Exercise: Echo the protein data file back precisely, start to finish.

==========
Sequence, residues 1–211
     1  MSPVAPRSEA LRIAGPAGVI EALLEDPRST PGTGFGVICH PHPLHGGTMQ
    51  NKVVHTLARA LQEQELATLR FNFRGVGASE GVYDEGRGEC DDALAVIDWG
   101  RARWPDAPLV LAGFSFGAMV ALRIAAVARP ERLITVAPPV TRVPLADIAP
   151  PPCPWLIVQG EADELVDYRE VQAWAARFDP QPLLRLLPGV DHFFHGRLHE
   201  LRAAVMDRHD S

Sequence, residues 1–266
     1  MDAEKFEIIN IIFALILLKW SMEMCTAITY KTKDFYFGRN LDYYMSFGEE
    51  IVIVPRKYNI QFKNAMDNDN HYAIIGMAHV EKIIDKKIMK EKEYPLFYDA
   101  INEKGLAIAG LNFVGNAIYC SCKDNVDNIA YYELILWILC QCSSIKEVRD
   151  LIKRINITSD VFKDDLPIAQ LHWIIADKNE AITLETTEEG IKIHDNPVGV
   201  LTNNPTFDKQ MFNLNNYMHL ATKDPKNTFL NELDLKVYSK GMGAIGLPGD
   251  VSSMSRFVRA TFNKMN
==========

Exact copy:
Sequence, residues 1–211
     1  MSPVAPRSEA LRIAGPAGVI EALLEDPRST PGTGFGVICH PHPLHGGTMQ
    51  NKVVHTLARA LQEQELATLR FNFRGVGASE GVYDEGRGEC DDALAVIDWG
   101  RARWPDAPLV LAGFSFGAMV ALRIAAVARP ERLITVAPPV TRVPLADIAP
   151  PPCPWLIVQG EADELVDYRE VQAWAARFDP QPLLRLLPGV DHFFHGRLHE
   201  LRAAVMDRHD S

Sequence, residues 1–266
     1  MDAEKFEIIN IIFALILLKW SMEMCTAITY KTKDFYFGRN LDYYMSFGEE
    51  IVIVPRKYNI QFKNAMDNDN HYAIIGMAHV EKIIDKKIMK EKEYPLFYDA
   101  INEKGLAIAG LNFVGNAIYC SCKDNVDNIA YYELILWILC QCSSIKEVRD
   151  LIKRINITSD VFKDDLPIAQ LHWIIADKNE AITLETTEEG IKIHDNPVGV
   201  LTNNPTFDKQ MFNLNNYMHL ATKDPKNTFL NELDLKVYSK GMGAIGLPGD
   251  VSSMSRFVRA TFNKMN